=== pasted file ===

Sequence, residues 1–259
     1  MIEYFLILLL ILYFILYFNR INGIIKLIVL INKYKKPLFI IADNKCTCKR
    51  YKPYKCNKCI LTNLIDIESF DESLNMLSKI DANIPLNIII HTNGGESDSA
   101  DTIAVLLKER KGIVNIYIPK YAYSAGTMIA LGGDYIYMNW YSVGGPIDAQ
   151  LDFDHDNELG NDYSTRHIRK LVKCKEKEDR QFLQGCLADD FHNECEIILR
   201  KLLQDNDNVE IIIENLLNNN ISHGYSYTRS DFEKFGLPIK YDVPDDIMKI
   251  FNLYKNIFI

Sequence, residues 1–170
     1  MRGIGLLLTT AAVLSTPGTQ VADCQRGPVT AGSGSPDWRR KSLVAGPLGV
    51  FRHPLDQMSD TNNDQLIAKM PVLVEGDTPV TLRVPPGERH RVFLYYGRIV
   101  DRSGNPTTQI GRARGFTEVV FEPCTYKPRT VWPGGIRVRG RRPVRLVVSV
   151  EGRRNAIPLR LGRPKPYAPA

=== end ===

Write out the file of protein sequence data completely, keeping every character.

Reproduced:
Sequence, residues 1–259
     1  MIEYFLILLL ILYFILYFNR INGIIKLIVL INKYKKPLFI IADNKCTCKR
    51  YKPYKCNKCI LTNLIDIESF DESLNMLSKI DANIPLNIII HTNGGESDSA
   101  DTIAVLLKER KGIVNIYIPK YAYSAGTMIA LGGDYIYMNW YSVGGPIDAQ
   151  LDFDHDNELG NDYSTRHIRK LVKCKEKEDR QFLQGCLADD FHNECEIILR
   201  KLLQDNDNVE IIIENLLNNN ISHGYSYTRS DFEKFGLPIK YDVPDDIMKI
   251  FNLYKNIFI

Sequence, residues 1–170
     1  MRGIGLLLTT AAVLSTPGTQ VADCQRGPVT AGSGSPDWRR KSLVAGPLGV
    51  FRHPLDQMSD TNNDQLIAKM PVLVEGDTPV TLRVPPGERH RVFLYYGRIV
   101  DRSGNPTTQI GRARGFTEVV FEPCTYKPRT VWPGGIRVRG RRPVRLVVSV
   151  EGRRNAIPLR LGRPKPYAPA